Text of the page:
NY Theater Review By Brian Scott Lipton
In his landmark 1973 TV miniseries “Scenes From a Marriage,” the great Swedish filmmaker Ingmar Bergman delivered a devastating portrait of the ups and downs of a mismatched couple over the course of nearly five hours. The ever-provocative Dutch director Ivo Van Hove takes a different approach to the same story in his 3 ½-hour stage version, also called “Scenes From a Marriage,” now at New York Theatre Workshop, and the result is more intellectually stimulating yet less emotionally grueling.
Van Hove, who has brought his singular touch to everything from “The Little Foxes” to “A Streetcar Named Desire” in recent years, pulls off two major feats here. First, he completely reconfigures the NYTW space (with the help of designer Jan Versweyveld), initially dividing the theater into three separate rooms where groups of 60 theatergoers each watch a “scene” from Johan and Marianne’s union, ranging from a dinner party that goes from laughter to devastation, an argument about the couple falling into a routine, and their eventual break-up. (The contemporary translation, which gives us few clues about what country we are in or what time period the show takes place, is by Emily Mann.)
Depending on which room you start, results in which order you see these three pivotal points in their lives. For the show’s second half, everyone reunites in one larger space, sitting on the perimeter and watching the next five years in the couple’s lives.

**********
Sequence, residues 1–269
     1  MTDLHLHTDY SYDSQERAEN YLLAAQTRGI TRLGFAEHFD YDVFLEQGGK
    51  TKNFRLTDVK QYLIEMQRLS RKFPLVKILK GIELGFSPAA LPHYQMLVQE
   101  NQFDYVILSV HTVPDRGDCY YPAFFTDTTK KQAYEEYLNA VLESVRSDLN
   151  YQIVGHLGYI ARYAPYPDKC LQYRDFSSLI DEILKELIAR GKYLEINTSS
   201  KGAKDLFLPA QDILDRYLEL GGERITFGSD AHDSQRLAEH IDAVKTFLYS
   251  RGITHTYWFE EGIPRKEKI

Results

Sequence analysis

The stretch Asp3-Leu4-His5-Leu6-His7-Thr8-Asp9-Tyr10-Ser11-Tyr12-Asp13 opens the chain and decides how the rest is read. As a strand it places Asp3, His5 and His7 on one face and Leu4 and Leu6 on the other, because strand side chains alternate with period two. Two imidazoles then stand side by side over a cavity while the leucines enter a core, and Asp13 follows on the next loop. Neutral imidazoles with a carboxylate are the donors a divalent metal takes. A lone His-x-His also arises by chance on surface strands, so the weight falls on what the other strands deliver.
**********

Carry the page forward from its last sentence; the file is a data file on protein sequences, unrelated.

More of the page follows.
The other innovation is that the couples are played by three radically different set of actors. The decidedly virile Alexander Hurt and the almost-fragile Susannah Flood are the youngest pair; the deeply disillusioned Dallas Roberts and the perpetually hurt and often angry Roslyn Ruff (who is African-American) are the middle pair; and the devastated-then-resigned-then-wiser Tina Benko (in the evening’s strongest performance) and the dissolute, uninvolved Arliss Howard are the oldest duo. While each pair’s perspective gives the audience a different dimension, this casting stunt also lessens the impact of watching a particular performer’s progress over the story’s two-decade span.
The sextet only interacts in the same space during the opening section of the second half (as the couple is simultaneously discussing their divorce papers and sexually reuniting), playing out the identical scene each in a slightly different physical and vocal fashion. (For example, at one point, Hurt enters from off-stage semi-naked, while Howard never even removes his vest).
Oddly, though, what turns out to be perhaps the most exciting and involving “scene,” is immediately followed by the two most boring ones in the whole enterprise: a long interchange between Marianne (played by Benko) and her mother (the fine Mia Katigbak) about her parents’ marriage, and an unconventional reconciliation between Marianne (Benko) and Joan (Howard), who are now happily married to other people. While these segments admittedly help the story come full circle, coming at the end of an already long evening, these scenes just make “Scenes From a Marriage” feel unnecessarily extended.
Still, “Scenes From a Marriage” is the kind of unconventional, daring theatrical experience we don’t see enough of in New York (outside of BAM and off-off-Broadway). So go Dutch.
New York Theatre Workshop, 79 East 4th Street, (877) 986-7261